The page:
13 Governance of liquidity risk management Principle 2 A bank should clearly articulate a liquidity risk tolerance that is appropriate for the business strategy of the organisation and its role in the financial system. 10. A bank should set a liquidity risk tolerance in light of its business objectives, strategic direction and overall risk appetite. The board of directors is ultimately responsible for the liquidity risk assumed by the bank and the manner in which this risk is managed and therefore should establish the bank s liquidity risk tolerance. The tolerance, which should define the level of liquidity risk that the bank is willing to assume, should be appropriate for the business strategy of the bank and its role in the financial system and should reflect the bank s financial condition and funding capacity. The tolerance should ensure that the firm manages its liquidity strongly in normal times in such a way that it is able to withstand a prolonged period of stress. There are a variety of ways in which a bank can express its risk tolerance. For example, a bank may quantify its liquidity risk tolerance in terms of the level of unmitigated funding liquidity risk the bank decides to take under normal and stressed business conditions. As discussed in Principle 14, supervisors will assess the appropriateness of the bank s risk tolerance. Principle 3 Senior management should develop a strategy, policies and practices to manage liquidity risk in accordance with the risk tolerance and to ensure that the bank maintains sufficient liquidity. Senior management should continuously review information on the bank s liquidity developments and report to the board of directors on a regular basis. A bank s board of directors 4 should review and approve the strategy, policies and practices related to the management of liquidity at least annually and ensure that senior management manages liquidity risk effectively. 11. Senior management is responsible for developing and implementing a liquidity risk management strategy in accordance with the bank s risk tolerance. The strategy should include specific policies on liquidity management, such as: the composition of assets and liabilities; the diversity and stability of funding sources; the approach to managing liquidity in different currencies, across borders, and across business lines and legal entities; the approach to intraday liquidity management; and the assumptions on the liquidity and marketability of assets. The strategy should take account of liquidity needs under normal conditions as well as liquidity implications under periods of liquidity stress, the nature of which may be institution-specific or market-wide or a combination of the two. The strategy may include various high-level quantitative and qualitative targets. The board of directors should approve the strategy and critical policies and practices and review them at least annually. The board should ensure that senior management translates the strategy into clear guidance and operating standards (eg in the form of policies, controls or procedures). The 4 The Committee is aware that there are significant differences in legislative and regulatory frameworks across countries as regards the functions of the board of directors and senior management. In some countries, the board has the main, if not exclusive, function of supervising the executive body (senior management, general management) so as to ensure that the latter fulfils its tasks. For this reason, in some cases, it is known as a supervisory board. This means that the board has no executive functions. In other countries, by contrast, the board has a broader competence in that it lays down the general framework for the management of the bank. Owing to these differences, the notions of the board of directors and senior management are used in this paper not to identify legal constructs but rather to label two decision-making functions within a bank. Principles for Sound Liquidity Risk Management and Supervision 7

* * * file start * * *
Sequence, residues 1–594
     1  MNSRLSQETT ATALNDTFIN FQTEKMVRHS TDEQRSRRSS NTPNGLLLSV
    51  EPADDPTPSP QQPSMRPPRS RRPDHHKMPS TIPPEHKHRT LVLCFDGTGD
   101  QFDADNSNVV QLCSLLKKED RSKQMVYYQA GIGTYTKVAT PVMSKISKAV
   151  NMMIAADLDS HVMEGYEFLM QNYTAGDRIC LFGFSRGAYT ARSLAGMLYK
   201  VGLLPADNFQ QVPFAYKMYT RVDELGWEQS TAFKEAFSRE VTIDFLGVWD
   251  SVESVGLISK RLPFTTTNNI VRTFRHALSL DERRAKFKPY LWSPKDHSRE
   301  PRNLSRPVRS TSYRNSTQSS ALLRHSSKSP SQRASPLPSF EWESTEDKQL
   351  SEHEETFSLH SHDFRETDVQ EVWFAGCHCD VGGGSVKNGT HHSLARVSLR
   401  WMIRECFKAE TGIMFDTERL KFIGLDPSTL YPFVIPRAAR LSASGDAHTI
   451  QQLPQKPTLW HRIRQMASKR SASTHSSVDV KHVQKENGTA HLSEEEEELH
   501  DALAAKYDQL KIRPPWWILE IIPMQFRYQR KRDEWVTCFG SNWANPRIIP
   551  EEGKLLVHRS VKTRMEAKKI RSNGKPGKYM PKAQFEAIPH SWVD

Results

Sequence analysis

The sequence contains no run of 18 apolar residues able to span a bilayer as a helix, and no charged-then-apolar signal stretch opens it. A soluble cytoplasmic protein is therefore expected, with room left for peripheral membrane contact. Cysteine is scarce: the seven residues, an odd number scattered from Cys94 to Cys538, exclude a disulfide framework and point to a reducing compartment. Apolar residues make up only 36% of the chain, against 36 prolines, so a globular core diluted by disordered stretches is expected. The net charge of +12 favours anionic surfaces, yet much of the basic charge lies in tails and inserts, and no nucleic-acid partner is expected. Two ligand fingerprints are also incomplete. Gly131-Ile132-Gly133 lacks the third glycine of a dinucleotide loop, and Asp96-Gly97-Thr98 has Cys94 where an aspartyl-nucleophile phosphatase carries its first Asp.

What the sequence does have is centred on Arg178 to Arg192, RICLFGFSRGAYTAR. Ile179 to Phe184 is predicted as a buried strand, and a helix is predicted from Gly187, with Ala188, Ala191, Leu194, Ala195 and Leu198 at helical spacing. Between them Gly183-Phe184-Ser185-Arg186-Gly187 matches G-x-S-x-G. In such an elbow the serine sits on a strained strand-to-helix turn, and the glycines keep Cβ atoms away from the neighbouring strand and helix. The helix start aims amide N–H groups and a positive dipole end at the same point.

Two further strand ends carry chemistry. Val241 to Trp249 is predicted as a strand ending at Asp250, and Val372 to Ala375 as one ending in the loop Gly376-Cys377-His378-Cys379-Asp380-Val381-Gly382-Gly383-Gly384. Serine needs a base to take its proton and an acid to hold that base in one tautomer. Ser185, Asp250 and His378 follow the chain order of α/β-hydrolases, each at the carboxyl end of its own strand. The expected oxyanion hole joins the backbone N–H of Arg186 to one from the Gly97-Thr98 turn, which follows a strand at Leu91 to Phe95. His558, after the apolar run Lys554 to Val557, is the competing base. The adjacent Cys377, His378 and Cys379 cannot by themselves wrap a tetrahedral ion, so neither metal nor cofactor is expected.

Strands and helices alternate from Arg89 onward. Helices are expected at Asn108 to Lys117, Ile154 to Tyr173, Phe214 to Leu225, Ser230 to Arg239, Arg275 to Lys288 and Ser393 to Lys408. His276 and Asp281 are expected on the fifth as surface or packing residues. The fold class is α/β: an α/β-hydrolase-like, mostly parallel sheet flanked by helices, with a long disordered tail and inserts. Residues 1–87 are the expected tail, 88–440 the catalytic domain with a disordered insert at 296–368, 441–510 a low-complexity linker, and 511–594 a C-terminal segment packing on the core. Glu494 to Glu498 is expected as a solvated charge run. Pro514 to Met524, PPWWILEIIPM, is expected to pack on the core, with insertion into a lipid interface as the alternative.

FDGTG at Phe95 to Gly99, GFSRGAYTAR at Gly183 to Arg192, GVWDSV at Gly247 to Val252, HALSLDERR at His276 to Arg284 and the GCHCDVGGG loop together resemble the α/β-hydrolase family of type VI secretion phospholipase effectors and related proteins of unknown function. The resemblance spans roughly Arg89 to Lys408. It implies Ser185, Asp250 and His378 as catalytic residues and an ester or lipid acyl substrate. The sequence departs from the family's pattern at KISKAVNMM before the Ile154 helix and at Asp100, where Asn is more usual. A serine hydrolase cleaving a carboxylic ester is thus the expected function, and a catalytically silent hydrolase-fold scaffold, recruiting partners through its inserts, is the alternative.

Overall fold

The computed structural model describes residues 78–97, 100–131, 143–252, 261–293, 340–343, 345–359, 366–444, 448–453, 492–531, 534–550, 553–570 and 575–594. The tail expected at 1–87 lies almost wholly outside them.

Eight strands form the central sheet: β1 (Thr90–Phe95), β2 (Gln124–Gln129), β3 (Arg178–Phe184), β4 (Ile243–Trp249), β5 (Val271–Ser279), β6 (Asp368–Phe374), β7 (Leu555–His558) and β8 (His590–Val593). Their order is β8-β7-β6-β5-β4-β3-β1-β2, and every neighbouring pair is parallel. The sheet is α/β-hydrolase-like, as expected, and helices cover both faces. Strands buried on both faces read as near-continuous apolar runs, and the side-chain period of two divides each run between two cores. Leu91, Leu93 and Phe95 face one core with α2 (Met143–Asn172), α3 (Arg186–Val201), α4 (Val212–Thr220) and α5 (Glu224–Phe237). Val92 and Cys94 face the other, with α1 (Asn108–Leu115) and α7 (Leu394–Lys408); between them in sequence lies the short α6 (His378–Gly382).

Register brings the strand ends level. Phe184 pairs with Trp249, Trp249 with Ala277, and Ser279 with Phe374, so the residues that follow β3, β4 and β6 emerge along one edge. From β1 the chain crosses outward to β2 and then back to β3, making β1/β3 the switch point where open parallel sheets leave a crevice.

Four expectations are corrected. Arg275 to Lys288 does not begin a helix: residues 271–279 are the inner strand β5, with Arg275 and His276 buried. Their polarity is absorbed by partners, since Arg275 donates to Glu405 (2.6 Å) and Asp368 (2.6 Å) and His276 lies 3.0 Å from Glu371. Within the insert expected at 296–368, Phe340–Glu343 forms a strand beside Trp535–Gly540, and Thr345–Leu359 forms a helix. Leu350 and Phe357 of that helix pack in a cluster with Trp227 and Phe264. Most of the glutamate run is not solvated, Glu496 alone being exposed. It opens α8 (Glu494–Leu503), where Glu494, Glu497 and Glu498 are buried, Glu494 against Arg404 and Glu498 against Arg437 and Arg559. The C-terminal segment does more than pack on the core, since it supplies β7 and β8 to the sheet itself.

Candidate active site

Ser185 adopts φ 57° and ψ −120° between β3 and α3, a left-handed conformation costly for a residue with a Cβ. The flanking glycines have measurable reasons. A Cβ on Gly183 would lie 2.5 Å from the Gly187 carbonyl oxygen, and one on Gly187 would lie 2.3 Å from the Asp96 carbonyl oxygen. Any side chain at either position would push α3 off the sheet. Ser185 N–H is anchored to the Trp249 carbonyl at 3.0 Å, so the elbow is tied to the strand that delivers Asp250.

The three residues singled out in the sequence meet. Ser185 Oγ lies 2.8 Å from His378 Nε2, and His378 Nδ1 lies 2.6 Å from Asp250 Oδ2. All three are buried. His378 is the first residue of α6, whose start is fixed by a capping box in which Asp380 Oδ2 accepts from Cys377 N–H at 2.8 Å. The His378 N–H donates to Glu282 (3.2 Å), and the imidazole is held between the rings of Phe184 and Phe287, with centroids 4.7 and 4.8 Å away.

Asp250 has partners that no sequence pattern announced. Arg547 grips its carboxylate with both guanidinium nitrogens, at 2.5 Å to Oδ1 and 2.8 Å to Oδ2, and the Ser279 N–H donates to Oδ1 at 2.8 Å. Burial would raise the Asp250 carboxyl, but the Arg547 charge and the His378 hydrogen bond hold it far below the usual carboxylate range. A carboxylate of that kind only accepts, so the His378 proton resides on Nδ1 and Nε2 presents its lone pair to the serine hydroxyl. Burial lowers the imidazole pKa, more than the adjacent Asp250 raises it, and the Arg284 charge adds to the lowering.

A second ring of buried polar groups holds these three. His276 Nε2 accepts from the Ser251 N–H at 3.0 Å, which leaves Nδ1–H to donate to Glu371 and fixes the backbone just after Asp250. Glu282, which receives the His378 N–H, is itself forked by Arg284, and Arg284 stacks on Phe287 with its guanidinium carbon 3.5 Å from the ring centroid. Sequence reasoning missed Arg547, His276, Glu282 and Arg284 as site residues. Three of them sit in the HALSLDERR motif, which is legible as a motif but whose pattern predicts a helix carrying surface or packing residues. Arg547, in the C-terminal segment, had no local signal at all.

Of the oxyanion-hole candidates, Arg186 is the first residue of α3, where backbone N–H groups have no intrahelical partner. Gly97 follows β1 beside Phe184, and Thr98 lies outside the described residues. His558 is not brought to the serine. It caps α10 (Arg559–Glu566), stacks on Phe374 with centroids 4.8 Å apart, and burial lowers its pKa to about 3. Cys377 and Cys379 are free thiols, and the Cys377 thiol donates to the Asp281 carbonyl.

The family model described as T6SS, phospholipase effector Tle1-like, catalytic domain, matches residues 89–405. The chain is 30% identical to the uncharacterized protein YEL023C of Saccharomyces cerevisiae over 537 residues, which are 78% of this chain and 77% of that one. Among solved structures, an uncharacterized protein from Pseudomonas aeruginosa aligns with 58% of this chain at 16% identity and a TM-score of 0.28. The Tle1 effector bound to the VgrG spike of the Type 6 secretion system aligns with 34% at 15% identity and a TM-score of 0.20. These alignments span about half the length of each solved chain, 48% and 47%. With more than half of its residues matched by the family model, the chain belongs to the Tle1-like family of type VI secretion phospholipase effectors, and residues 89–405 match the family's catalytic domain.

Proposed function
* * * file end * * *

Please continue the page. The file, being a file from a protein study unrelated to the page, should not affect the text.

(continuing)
14 board should also ensure that senior management and appropriate personnel have the necessary expertise and systems to measure and monitor all sources of liquidity risk. 12. The liquidity strategy should be appropriate for the nature, scale and complexity of a bank s activities. In formulating this strategy, the bank should take into consideration its legal structures (eg mix of foreign branches versus foreign operating subsidiaries), key business lines, the breadth and diversity of markets, products, and jurisdictions in which it operates, and home and host regulatory requirements. 13. Senior management should determine the structure, responsibilities and controls for managing liquidity risk and for overseeing the liquidity positions of all legal entities, branches and subsidiaries in the jurisdictions in which a bank is active, and outline these elements clearly in the bank s liquidity policies. The structure for managing liquidity (ie the degree of centralisation or decentralisation of its liquidity risk management) should take into consideration any legal, regulatory or operational restrictions on the transfer of funds. In some cases there may be strict regulatory restrictions on funds being transferred between entities or jurisdictions. When a group contains both bank and non-bank entities, group level management should understand the different liquidity risk characteristics specific to each entity, both with respect to the nature of the business and with respect to the regulatory environment. Whatever structure is employed, senior management should be able to monitor the liquidity risks across the banking group and at each entity on an ongoing basis. Processes should be in place to ensure that the group s senior management is actively monitoring and quickly responding to all material developments across the group and reporting to the board of directors as appropriate. 14. In addition, senior management and the board should have a thorough understanding of the close links between funding liquidity risk and market liquidity risk, as well as how other risks, including credit, market, operational and reputation risks affect the bank s overall liquidity risk strategy. 15. The liquidity strategy, key policies for implementing the strategy, and the liquidity risk management structure should be communicated throughout the organisation by senior management. All business units conducting activities that have an impact on liquidity should be fully aware of the liquidity strategy and operate under the approved policies, procedures, limits and controls. Individuals responsible for liquidity risk management should maintain close links with those monitoring market conditions, as well as with other individuals with access to critical information, such as credit risk managers. 16. Senior management should ensure that the bank has adequate internal controls to ensure the integrity of its liquidity risk management process. Senior management should ensure that operationally independent, appropriately trained and competent personnel are responsible for implementing internal controls. It is critical that personnel in independent control functions have the skills and authority to challenge information and modelling assumptions provided by business lines. When significant changes impact the effectiveness of controls and revisions or enhancements to internal controls are warranted, senior management should ensure that necessary changes are implemented in a timely manner. Internal audit should regularly review the implementation and effectiveness of the agreed framework for controlling liquidity risk. 17. Senior management should closely monitor current trends and potential market developments that may present significant, unprecedented and complex challenges for managing liquidity risk so that they can make appropriate and timely changes to the liquidity strategy as needed. Senior management should define the specific procedures and approvals necessary for exceptions to policies and limits, including the escalation procedures and follow-up actions to be taken for breaches of limits. Senior management should ensure 8 Principles for Sound Liquidity Risk Management and Supervision